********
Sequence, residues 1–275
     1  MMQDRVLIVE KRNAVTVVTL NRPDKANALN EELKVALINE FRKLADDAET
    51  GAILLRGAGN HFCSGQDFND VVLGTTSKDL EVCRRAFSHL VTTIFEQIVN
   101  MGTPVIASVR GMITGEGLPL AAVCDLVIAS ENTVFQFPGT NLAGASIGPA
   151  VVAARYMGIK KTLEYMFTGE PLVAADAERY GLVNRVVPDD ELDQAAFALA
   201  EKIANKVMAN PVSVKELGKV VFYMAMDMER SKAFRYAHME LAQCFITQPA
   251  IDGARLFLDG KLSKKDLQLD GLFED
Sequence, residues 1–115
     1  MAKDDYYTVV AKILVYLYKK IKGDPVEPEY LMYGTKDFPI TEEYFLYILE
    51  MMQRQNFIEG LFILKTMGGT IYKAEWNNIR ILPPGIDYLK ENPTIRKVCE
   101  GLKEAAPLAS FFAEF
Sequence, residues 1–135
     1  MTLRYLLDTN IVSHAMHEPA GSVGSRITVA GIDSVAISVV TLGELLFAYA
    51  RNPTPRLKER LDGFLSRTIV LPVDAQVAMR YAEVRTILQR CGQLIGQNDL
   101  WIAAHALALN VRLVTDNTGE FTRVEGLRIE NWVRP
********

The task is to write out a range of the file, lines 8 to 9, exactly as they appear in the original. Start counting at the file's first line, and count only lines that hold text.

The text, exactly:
Sequence, residues 1–115
     1  MAKDDYYTVV AKILVYLYKK IKGDPVEPEY LMYGTKDFPI TEEYFLYILE